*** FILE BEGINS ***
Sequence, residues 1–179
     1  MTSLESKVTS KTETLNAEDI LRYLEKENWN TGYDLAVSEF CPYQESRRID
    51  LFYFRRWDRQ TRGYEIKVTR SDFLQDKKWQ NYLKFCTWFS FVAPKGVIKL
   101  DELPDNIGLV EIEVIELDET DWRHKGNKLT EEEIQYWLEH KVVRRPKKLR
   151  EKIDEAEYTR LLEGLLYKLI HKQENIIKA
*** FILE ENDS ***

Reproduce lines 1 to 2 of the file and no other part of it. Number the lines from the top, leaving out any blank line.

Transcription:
Sequence, residues 1–179
     1  MTSLESKVTS KTETLNAEDI LRYLEKENWN TGYDLAVSEF CPYQESRRID